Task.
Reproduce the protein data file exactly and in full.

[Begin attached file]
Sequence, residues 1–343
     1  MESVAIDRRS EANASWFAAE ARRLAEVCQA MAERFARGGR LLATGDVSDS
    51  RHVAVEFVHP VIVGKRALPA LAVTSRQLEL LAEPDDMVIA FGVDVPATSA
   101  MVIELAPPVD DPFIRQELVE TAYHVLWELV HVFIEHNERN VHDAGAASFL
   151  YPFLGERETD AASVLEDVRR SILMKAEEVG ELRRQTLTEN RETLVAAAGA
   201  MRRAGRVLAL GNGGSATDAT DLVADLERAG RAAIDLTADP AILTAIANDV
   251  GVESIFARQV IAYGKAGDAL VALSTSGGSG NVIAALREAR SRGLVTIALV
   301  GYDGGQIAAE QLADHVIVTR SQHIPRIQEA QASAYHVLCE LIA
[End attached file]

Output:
Sequence, residues 1–343
     1  MESVAIDRRS EANASWFAAE ARRLAEVCQA MAERFARGGR LLATGDVSDS
    51  RHVAVEFVHP VIVGKRALPA LAVTSRQLEL LAEPDDMVIA FGVDVPATSA
   101  MVIELAPPVD DPFIRQELVE TAYHVLWELV HVFIEHNERN VHDAGAASFL
   151  YPFLGERETD AASVLEDVRR SILMKAEEVG ELRRQTLTEN RETLVAAAGA
   201  MRRAGRVLAL GNGGSATDAT DLVADLERAG RAAIDLTADP AILTAIANDV
   251  GVESIFARQV IAYGKAGDAL VALSTSGGSG NVIAALREAR SRGLVTIALV
   301  GYDGGQIAAE QLADHVIVTR SQHIPRIQEA QASAYHVLCE LIA